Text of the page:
Graphic Panel

graphic panel

[¦graf·ik ′pan·əl]
(control systems)
A master control panel which indicates the status of equipment and operations in a system, and their relationships.
McGraw-Hill Dictionary of Scientific & Technical Terms, 6E, Copyright © 2003 by The McGraw-Hill Companies, Inc.
The following article is from The Great Soviet Encyclopedia (1979). It might be outdated or ideologically biased.

Graphic Panel


an arbitrary representation of an object being controlled by means of symbols and indicators arranged on the front of a control panel or on special panels in front of a controller’s console. It shows graphically the condition (status) of an object or the progress of a production process. The equipment and internal linkages of the object are depicted according to conventional notations for electrical, technological, transportation, and other diagrams. The status of the process being controlled is automatically represented on the panel by signaling devices.

A graphic panel is a simplified model of an object that makes it easier to remember its structure and the functions of the various instruments, equipment, and control members, and also the modes of operation under various operating conditions. Such panels are used in cases where an object has a complicated structure, where a production process is controlled according to a large number of parameters, and where the rapidly changing condition of an object requires operational control that in many cases is difficult and even impossible to perform from memory. They are also used as demonstration models at technical exhibitions and as educational aids, on which the arrangement and sequence of the application and removal of load, the flow of raw materials and finished products, the movement of traffic, and the functional relations and operating rhythm of individual parts and elements of the simulated object are indicated graphically.

Graphic panels are subdivided into operator and dispatcher types, which differ in the complexity and scale of the objects represented (in the first case the object is usually a concentrated technological system; in the second, it is spread over an area and is composed of many objects and technical systems), in the detail of representation of the individual objects, and in the presence of built-in control members in operator panels. In addition, a distinction is made among mimic, luminous, and combination (semiluminous) types, according to the principle of operation and technology of production.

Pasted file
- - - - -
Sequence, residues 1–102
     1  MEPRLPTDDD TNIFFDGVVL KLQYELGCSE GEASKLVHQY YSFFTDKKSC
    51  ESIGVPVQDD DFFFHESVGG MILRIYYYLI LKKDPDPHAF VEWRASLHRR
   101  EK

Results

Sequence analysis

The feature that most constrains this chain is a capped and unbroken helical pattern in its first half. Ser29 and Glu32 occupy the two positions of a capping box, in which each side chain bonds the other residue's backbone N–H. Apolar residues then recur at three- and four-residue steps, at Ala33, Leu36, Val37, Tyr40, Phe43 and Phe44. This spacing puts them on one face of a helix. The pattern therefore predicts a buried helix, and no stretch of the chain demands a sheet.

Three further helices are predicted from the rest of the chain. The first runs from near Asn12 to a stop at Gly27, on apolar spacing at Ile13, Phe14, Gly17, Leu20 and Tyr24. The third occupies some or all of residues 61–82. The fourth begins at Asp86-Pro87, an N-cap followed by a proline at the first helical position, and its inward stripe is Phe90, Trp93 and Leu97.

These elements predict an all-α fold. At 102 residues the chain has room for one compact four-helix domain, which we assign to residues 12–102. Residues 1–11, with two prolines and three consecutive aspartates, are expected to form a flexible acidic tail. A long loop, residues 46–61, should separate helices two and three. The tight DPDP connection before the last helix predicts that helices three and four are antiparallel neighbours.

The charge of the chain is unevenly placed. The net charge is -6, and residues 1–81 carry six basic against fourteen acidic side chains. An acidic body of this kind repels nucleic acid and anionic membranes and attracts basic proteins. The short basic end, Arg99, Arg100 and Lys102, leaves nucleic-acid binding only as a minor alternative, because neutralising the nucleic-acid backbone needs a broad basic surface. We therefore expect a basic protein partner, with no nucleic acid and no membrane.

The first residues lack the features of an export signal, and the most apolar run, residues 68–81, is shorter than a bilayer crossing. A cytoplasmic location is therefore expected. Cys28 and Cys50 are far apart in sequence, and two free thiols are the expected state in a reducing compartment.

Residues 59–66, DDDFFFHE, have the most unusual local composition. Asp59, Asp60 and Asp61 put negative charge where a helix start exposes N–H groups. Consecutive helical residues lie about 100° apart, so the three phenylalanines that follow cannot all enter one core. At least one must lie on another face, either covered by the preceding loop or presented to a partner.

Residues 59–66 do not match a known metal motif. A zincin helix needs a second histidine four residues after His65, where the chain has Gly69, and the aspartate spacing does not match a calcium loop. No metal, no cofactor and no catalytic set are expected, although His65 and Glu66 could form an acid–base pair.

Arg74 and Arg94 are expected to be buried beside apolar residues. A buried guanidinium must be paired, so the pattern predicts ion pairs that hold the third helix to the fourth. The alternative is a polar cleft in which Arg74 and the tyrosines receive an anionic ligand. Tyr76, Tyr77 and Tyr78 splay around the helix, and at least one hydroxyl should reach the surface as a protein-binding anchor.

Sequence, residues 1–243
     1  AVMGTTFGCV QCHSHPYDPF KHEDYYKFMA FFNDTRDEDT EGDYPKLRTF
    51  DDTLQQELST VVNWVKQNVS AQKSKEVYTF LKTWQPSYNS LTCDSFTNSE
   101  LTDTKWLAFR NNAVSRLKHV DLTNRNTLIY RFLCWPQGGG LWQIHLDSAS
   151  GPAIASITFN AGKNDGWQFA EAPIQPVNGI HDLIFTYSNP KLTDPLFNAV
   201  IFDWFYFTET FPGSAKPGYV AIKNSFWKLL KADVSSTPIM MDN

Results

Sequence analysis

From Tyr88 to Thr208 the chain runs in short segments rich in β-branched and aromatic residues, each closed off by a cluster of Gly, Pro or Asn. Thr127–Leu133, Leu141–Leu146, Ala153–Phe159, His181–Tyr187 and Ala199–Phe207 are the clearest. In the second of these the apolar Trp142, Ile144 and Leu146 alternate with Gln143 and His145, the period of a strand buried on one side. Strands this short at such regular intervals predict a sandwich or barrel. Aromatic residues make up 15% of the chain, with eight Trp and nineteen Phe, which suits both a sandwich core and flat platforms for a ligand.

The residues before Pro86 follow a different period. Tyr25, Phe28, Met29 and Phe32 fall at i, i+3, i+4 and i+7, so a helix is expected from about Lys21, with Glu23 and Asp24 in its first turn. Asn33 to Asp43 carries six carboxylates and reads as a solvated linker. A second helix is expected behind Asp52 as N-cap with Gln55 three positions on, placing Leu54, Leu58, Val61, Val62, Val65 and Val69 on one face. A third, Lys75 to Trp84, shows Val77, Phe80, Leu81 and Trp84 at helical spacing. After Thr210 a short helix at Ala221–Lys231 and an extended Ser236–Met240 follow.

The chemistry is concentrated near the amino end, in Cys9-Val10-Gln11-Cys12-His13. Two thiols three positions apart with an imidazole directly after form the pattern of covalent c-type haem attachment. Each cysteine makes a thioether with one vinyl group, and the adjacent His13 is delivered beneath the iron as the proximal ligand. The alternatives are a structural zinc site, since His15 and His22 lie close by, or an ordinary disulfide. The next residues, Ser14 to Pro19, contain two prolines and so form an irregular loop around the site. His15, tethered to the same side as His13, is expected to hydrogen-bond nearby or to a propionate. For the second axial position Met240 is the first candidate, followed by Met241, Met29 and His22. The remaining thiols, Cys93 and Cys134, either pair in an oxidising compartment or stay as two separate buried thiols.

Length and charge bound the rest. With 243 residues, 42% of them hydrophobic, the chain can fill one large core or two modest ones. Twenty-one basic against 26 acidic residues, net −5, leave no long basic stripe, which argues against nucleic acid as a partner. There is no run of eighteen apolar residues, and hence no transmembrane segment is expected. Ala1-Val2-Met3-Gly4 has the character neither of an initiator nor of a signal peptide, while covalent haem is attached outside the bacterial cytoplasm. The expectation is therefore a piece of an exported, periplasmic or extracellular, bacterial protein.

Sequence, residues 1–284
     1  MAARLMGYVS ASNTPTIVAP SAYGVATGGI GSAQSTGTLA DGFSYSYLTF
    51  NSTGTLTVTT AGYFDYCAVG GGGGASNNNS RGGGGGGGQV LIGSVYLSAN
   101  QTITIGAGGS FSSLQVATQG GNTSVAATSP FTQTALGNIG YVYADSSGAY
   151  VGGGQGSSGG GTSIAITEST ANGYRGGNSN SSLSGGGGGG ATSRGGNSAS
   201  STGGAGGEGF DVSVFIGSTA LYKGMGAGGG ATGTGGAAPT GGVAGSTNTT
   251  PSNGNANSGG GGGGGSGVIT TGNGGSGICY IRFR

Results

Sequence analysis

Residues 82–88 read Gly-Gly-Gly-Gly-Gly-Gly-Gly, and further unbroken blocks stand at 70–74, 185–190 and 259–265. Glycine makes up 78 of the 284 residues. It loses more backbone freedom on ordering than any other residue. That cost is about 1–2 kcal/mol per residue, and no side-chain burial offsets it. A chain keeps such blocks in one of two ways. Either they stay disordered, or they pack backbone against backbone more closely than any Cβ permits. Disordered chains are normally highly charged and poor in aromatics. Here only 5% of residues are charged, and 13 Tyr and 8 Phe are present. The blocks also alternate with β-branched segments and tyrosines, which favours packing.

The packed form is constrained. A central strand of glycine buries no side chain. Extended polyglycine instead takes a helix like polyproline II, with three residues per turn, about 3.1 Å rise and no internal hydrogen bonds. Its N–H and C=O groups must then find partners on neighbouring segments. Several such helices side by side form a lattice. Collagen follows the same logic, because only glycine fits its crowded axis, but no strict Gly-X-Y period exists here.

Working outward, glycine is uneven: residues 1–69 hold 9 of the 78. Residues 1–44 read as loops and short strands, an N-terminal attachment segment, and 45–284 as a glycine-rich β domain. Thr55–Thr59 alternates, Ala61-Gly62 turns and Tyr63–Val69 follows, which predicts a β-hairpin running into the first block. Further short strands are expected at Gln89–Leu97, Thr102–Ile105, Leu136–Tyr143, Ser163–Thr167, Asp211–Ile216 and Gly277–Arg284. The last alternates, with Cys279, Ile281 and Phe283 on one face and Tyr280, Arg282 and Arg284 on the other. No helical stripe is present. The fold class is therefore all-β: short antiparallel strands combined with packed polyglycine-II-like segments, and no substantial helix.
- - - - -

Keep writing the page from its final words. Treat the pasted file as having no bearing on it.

On a mimic graphic panel the conventional notations and connecting lines are painted on or laid out in colored markers. The individual devices and objects represented have signal lamps next to them, usually in two colors: red, which indicates that the circuit, machine, or apparatus is operating, and green, which indicates that it is not. A change in the status of an object being monitored may also be shown by means of various mechanical indicators, such as the deflection of a pointer, the displacement of a marker, or the rotation of disks with colored sectors on them. Mimic panels are used mainly in cases where the nature of a production process is such that the mere indication of a change in the condition or status of an object is sufficient (for example, indication of “open” or “closed” for a damper or “current” or “no current” in a circuit)—that is, where the control information is discrete in nature.

The graphic potential is much greater in the case of luminous panels, in which information about the condition of the object being controlled is depicted by a change in the color or brightness of the elements on the panel, by a displacement of a spot of light, by the nonuniform intensity of illumination of the sections (lines or sectors) of the panel, or by a change in the configuration or dimensions of a spot of light. Such panels also include electroluminescent and projection panels (including motion-picture and television types). The use of advances in optoelectronics and elements of fiber optics for such panels is promising.

On combination panels, only the main elements are illuminated; other parts are done in paint or markers, as on mimic panels.

The choice of a type of panel depends on the structure of the control system and the nature of the production processes, on the functional diagram, and on the purpose and degree of automation of the object being controlled. A graphic panel is frequently combined with measuring instruments and devices, thus improving conditions for observation of the object and increasing the quantity and quality of the information on the panel.


Venda, V. F. Sredstva otobrazheniia informatsii. Moscow, 1969.
The Great Soviet Encyclopedia, 3rd Edition (1970-1979). © 2010 The Gale Group, Inc. All rights reserved.
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